Global fixed income managers bet on high-quality EM sovereign debt

Global fixed income fund managers are switching to high-quality emerging markets sovereign debt in search of better value, according to S&P Capital IQ’s latest sector trends paper.

Kate Hollis, fund analyst, S&P Capital IQ, said: “While most fund managers expect the euro to survive, they don’t see a lot of value in second-rank OECD sovereign bonds or second-tier supranationals. As a credit view, many regard good-quality EM US dollar- or euro-denominated government bonds as a better bet than those issued by the likes of Greece or Portugal.”

The research was compiled for S&P Capital IQ’s annual review of the global fixed income book to 31 December 2011. Of the managers surveyed, most were underweight or out of the eurozone periphery during 2011 and a number of funds had non-eurozone Europe or EM debt to compensate.

The team at Banque de Luxembourg, for example, has been adding increasing amounts of EM debt to the portfolio and has been heavily underweight the eurozone periphery, the report said. The portfolio held US dollar paper and euro-denominated Turkish, Romanian and Moroccan bonds.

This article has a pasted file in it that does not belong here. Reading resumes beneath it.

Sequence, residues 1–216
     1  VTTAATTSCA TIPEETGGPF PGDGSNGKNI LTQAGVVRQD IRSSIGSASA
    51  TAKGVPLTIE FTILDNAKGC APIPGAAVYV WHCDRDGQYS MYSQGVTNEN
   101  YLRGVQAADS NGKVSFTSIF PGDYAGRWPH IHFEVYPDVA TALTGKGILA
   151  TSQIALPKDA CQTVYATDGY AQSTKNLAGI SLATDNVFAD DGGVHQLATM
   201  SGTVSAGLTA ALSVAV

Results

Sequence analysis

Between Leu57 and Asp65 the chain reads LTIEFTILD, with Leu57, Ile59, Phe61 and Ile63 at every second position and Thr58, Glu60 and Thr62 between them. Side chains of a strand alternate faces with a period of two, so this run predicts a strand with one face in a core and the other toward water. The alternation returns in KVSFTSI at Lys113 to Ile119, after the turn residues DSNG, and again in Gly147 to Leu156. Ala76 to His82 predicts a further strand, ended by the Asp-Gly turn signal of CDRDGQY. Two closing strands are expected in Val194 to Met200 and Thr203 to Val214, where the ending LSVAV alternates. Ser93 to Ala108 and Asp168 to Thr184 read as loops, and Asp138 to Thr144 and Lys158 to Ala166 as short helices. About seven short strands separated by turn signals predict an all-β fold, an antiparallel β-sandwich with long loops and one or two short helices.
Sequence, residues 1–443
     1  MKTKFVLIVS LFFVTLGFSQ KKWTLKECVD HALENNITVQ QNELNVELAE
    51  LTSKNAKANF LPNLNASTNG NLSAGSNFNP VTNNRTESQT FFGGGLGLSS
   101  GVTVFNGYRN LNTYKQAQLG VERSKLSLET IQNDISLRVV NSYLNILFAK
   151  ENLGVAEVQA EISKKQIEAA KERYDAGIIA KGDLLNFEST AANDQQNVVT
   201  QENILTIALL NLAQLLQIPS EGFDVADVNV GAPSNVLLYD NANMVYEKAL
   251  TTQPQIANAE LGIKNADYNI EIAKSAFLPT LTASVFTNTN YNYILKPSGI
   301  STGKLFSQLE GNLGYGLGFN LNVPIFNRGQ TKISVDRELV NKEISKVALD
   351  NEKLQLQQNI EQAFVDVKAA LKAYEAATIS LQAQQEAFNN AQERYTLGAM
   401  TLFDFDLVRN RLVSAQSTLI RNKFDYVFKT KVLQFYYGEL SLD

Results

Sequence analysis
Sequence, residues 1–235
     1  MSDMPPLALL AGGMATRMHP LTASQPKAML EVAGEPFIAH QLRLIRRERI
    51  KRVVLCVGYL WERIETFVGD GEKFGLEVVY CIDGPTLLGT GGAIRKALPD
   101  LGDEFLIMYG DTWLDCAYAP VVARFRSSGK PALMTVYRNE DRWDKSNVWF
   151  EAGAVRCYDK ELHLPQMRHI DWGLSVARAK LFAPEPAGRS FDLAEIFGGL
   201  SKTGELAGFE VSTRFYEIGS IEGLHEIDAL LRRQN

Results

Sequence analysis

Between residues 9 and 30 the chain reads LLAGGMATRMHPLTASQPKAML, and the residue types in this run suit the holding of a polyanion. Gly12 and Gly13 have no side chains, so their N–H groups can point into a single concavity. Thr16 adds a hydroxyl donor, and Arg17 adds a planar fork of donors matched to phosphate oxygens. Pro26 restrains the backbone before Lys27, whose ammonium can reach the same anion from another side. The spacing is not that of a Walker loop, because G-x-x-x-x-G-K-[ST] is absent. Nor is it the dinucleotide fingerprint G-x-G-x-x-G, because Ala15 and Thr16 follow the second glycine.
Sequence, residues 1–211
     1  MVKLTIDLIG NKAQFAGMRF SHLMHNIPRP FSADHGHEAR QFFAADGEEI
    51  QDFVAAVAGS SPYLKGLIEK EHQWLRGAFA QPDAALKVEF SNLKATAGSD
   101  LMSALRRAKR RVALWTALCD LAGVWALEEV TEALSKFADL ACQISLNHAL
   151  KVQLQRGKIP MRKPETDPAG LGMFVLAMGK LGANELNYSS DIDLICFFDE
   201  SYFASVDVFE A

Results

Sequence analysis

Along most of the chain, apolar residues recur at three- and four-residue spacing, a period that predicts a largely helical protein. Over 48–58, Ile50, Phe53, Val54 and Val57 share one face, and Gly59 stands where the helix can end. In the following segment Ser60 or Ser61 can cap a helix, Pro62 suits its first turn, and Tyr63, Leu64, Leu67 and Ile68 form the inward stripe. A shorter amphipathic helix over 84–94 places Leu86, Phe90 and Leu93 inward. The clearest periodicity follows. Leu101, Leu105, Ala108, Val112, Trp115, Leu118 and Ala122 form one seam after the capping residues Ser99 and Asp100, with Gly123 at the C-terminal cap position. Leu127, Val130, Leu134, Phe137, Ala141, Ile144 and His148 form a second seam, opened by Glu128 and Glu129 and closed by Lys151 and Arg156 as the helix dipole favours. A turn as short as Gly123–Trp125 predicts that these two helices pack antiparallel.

In a similar vein, MFS Meridian Fund – Global Bond was overweight gilts, Sweden and Denmark, while being underweight periphery, Italy, Belgium, France and Austria. MFS aims to own emerging markets sovereign bonds as an alternative to weaker G20 government bonds.

Jupiter’s Ariel Bezalel took large positions in Australian and Canadian government bonds, believing these countries to be better credits than the US, UK, or Germany.

Some funds aimed for a mixed approach, the report found. The team at HansaInvest bought Norwegian, Swedish, Polish and Turkish local currency bonds in the second half of the year, but still held eurozone periphery, namely Greek bonds and Spanish regional debt.

In contrast, Petercam held Greece, Portugal and inflation-linked Italian bonds, implicitly betting on eurozone healing during 2011, with exposure amounting to 18% of the portfolio. However, even they sold down half the Spanish and Italian government holding in January.

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